Now, what that means is that yes, more malware was detected on Macs. And the number of baddies per end user gizmo went up, and was almost double the number detected on Windows machines.

BUT, the stuff that was detected was “wimpy malware” – adware and PUPs (potentially unwanted programs).

If you read further in the report, it also becomes clear that just because adware and PUPs are “wimpy” doesn’t mean that they aren’t a real threat.

Some of this type of light malware isn’t so light after all, and can be used to do some pretty evil stuff. So, it’s still bad… It just doesn’t usually result in the same amount of mayhem as full-blown, high-powered malware like ransomware and that type of thing.

But hang on a minute…

If you’re thinking, “Well, yeah, but there’s a ton of that ‘light’ stuff on Windows that has been used for years to decry the security of Windows-based PCs even though it’s not Full Evil Malware!”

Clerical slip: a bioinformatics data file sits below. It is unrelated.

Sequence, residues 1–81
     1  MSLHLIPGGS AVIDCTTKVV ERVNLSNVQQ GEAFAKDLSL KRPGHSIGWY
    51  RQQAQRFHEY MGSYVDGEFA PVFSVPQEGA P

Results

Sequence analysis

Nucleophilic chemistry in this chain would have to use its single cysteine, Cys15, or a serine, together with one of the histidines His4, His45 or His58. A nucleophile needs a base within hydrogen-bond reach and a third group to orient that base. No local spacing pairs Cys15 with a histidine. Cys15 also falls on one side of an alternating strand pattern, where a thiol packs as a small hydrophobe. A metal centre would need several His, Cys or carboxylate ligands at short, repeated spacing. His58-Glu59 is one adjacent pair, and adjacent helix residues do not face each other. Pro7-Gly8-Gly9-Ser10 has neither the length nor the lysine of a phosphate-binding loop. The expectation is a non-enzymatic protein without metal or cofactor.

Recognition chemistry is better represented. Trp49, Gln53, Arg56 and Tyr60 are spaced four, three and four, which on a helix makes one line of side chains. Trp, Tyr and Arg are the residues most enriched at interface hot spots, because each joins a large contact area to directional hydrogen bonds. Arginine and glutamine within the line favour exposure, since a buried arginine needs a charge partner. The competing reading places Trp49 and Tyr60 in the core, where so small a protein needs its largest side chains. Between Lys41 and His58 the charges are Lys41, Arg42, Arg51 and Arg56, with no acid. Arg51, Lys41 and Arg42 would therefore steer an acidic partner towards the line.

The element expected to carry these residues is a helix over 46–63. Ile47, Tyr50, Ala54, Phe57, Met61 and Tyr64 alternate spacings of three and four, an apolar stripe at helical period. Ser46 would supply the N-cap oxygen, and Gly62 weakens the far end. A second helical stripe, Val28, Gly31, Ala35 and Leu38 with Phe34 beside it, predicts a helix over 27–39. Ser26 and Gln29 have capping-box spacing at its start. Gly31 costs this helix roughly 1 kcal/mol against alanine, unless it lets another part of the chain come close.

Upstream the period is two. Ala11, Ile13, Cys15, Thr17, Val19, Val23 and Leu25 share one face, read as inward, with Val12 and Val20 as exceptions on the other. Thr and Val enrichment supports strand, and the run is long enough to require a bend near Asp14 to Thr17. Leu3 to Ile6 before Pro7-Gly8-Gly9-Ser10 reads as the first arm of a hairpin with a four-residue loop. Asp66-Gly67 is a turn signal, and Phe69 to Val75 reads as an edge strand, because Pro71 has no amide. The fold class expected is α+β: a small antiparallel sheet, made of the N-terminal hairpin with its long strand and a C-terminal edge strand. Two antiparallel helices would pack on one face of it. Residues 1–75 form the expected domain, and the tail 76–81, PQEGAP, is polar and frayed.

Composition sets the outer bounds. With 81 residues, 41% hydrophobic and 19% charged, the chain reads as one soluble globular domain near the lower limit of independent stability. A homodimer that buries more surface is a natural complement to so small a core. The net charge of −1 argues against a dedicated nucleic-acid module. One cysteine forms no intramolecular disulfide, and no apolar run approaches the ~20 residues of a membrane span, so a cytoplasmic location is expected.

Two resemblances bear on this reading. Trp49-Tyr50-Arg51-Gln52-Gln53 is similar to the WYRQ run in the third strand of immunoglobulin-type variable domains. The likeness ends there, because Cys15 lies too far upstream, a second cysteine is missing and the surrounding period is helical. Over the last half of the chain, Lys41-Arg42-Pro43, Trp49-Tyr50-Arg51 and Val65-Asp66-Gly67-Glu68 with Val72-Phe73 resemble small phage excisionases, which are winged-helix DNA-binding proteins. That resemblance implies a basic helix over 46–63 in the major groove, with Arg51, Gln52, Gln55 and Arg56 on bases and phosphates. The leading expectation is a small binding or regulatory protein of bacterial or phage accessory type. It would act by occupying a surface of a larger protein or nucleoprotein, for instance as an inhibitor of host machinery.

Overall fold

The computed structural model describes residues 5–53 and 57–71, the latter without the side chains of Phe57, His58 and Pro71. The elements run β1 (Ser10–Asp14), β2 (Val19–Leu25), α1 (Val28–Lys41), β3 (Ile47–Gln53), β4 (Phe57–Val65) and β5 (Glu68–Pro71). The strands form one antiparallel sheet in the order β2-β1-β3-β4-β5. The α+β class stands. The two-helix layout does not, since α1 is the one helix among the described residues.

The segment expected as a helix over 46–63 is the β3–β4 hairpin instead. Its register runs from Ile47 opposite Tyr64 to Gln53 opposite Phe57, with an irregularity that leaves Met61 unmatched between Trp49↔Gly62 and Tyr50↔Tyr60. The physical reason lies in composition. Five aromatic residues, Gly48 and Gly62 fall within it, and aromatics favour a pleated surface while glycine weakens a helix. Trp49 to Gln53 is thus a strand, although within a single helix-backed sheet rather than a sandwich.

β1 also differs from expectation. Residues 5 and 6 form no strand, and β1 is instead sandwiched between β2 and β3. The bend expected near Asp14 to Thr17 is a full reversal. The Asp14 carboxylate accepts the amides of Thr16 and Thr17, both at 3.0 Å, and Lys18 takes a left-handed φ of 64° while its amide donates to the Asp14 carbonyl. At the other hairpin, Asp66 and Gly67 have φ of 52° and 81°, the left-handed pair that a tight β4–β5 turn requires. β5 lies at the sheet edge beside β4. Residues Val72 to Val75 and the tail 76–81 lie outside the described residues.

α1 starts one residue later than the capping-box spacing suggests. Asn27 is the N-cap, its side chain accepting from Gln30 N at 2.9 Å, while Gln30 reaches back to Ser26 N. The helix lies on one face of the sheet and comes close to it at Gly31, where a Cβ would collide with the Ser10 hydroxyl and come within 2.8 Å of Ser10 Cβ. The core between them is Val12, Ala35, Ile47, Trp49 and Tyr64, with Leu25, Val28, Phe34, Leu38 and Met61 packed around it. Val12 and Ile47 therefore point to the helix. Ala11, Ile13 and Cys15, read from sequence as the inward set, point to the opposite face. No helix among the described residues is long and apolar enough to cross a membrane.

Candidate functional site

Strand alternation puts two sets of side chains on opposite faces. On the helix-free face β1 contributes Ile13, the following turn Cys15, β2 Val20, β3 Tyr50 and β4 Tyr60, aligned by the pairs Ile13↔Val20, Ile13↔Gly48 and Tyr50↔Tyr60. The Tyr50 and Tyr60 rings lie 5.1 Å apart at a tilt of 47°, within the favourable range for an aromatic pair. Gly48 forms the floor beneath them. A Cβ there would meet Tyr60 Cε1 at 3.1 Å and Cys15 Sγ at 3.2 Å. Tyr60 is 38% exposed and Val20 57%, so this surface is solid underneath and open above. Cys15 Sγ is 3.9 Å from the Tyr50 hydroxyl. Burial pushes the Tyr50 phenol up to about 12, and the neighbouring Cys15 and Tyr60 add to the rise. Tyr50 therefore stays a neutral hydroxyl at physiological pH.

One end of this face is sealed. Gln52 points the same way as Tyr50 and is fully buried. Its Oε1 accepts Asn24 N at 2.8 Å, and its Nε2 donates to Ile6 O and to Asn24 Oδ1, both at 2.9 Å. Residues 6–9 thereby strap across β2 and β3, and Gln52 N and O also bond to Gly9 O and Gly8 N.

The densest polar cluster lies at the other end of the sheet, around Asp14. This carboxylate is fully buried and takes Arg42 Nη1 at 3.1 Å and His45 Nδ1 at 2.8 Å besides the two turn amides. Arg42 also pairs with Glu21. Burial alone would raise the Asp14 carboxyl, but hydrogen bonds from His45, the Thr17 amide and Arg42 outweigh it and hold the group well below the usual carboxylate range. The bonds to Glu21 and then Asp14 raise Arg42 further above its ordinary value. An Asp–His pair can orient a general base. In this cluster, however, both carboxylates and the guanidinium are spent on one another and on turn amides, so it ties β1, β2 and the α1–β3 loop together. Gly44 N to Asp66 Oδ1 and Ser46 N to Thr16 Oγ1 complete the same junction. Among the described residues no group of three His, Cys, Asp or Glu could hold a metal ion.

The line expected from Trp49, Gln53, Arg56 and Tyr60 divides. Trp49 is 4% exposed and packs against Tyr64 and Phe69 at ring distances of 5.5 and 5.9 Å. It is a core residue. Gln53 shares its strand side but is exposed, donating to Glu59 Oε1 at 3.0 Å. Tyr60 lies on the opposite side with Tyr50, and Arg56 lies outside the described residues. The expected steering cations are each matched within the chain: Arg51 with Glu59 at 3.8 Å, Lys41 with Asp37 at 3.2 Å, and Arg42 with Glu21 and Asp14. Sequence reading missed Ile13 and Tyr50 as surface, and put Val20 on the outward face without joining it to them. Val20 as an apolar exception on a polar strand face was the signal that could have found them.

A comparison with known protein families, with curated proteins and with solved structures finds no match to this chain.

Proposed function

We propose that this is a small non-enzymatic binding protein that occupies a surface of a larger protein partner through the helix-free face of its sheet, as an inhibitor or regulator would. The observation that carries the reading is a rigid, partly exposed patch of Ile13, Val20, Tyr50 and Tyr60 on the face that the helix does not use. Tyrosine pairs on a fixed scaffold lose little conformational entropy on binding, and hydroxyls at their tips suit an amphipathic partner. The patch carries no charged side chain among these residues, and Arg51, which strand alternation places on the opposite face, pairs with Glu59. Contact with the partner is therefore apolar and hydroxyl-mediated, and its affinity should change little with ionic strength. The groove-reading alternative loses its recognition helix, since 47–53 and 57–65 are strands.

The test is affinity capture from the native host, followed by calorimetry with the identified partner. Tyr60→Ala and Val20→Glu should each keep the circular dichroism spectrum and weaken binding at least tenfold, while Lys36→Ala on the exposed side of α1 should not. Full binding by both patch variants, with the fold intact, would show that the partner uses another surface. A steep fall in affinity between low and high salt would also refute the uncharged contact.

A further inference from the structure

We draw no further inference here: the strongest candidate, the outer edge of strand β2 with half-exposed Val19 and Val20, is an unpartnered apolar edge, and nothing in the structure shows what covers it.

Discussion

And… you’d be absolutely correct!

The above report also mentions an increasing prevalence of malware that targets businesses and organizations in recent years.

So we see that yes, detections are up on Macs, but it’s not all super-evil stuff, that stuff can still do bad things, and consumers are a bit less of a target than before.

In other words, yes, you should have anti-malware protection on your Mac given these results – just as you should use anti-malware software on your Windows PC, Linux PC, Android device, iPhone, or whatever else you use.

It’s just good plain common sense!

Okay, but what do other experts say?

Good question! To find out, I visited AV-Test.org, a German institute that tracks malware and tests anti-malware software.

On their AVTest Statistics Page, you can see all kinds of interesting graphs, including the following:

total_distribution_10-years_en
Here we see that since 2011, the total number of known, existing malware has skyrocketed. In 2020 so far alone, over 22 million new bits of malware have been uncovered!

macos_malware_10years_distribution_halfwidth_en